In addition, customer 104 may desire to receive an instance of a payments application, such as a mobile wallet application, from the payment service 108. FIG. 1 illustrates, at 118, that the customer 104 may send payment-application requests to payment service 108. In response, at 120, payment service 108 may provide instances of the application back to customer device 103. In addition, payment service 108 may map an identification of the instance of the application to the customer profile.

According to an implementation of the present subject matter, the customers and merchants can send and receive payments in virtual currencies via the payment service for purchase of items or a selected set of items. In another implementation, the customers send payments in virtual currencies via the payment service, while the payment service converts a first virtual currency into another virtual currency or a fiat currency of merchant's choice.

FIG. 1B illustrates another embodiment of example environment 100 except that in FIG. 1B a transaction is between a first user 150 operating device 152, and a second user 154 operating device 156. Devices 152 and 156 can be a computing device with an application provided by payment service 108 executing thereon. In some embodiments, the application can be point of sale application. In some embodiments, the application can be a mobile wallet application. In some embodiments the application can be an application provided by a third party capable of accessing at least one payment account.

FIG. 1B illustrates the broader concept that the present technology contemplates that currency can be sent from any party of any character (merchant, user, bank, etc.) to any other party of any character using the innovations described herein.

FIG. 2 illustrates an example system architecture that allows customer 104 to pay with a virtual currency, especially a cryptocurrency that utilizes a blockchain to record transactions. FIG. 2 is designed to overcome at least the above identified challenges common in payment transactions involving virtual currencies.

As introduced with respect to FIG. 1, payment service 108 can store customer profile 132. Customer profile 132 can include customer data 202 which can include customer identifying information (name, contact information, etc.), records of past transactions 205 involving payment service 108 by customer 104, information regarding linked accounts (credit card information, bank account information, etc.), information regarding services utilized by customer profile 132 (e.g., the account utilizes a mobile wallet application 210 provided by payment service 108, etc.).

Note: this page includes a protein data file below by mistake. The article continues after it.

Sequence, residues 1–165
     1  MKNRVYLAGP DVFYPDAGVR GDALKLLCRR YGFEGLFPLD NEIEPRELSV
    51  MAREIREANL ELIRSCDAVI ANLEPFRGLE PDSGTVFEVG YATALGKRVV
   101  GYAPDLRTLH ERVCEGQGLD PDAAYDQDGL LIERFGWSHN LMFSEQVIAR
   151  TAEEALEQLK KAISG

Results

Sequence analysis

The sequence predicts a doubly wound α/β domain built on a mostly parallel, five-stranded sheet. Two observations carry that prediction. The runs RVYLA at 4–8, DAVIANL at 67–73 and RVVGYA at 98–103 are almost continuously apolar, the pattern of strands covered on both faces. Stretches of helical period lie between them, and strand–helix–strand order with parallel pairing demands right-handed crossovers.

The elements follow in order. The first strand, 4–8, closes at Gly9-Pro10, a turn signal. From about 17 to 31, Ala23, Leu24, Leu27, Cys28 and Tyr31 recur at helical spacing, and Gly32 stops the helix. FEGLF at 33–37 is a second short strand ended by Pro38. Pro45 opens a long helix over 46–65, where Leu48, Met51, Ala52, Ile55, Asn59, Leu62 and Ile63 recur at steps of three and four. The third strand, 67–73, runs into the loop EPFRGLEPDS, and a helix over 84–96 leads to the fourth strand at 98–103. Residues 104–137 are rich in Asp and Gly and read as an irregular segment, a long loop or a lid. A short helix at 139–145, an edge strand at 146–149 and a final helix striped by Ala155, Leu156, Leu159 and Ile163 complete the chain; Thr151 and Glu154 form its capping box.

In addition to customer data 202, customer profile 132 can also include a ledger for any accounts managed by payment service 108 on behalf of customer 104. It will be appreciated that customers having accounts managed by the payment service is an aspect of the technology that enables the technical advantages of increased processing speed and improved security. As illustrated in FIG. 2, customer profile 132 includes customer cryptocurrency ledger 204, and a customer fiat currency ledger 206 indicating that customer 104 utilizes payment service 108 to manage accounts a cryptocurrency (such as bitcoin), and a fiat currency (such as US dollars), respectively. In some embodiments customer profile 132 for customer 104 can include ledgers for more or less accounts. It will be appreciated that in some embodiments the ledgers are logical ledgers, and the actual data can be represented in a single database.

Each account ledger (204, 206) can reflect a positive balance when customer 104 funds the accounts. An account can be funded by transferring currency in the form associated with the account from an external account (e.g., transferring a value of cryptocurrency to payment service and the value is credited as a balance in cryptocurrency ledger 204), or by purchasing currency in the form associated with the account from the payment service using currency in a different form (e.g., buying a value of cryptocurrency from payment service 108 using a value of fiat currency reflected in fiat currency ledger 206, and crediting the value of cryptocurrency in cryptocurrency ledger 204), or by conducting a transaction with another user (customer or merchant) of the payment service wherein the account receives incoming currency. When an account is funded by transferring cryptocurrency from an external account, this will be when an update to the public blockchain is carried out. Importantly, this update of the public blockchain need not take place at a time critical moment, such as when a transaction is being processed by a merchant in store. In some embodiments customer profile 132 can include preferences for maintaining balances in cryptocurrency. In such embodiments, payment service 108 can automatically debit fiat currency ledger 206 to increase cryptocurrency ledger 204, or a payment card associated with customer profile whenever cryptocurrency balances fall below a stated level. Conversely, in some embodiments, payment service can automatically credit fiat currency ledger 206 to decrease cryptocurrency ledger 204 whenever cryptocurrency balances rise above a stated level. In some embodiments, automatic transactions can be further defined by an exchange rate between the cryptocurrency and the fiat currency such that transactions to buy or sell cryptocurrency can occur when exchange rates are favorable.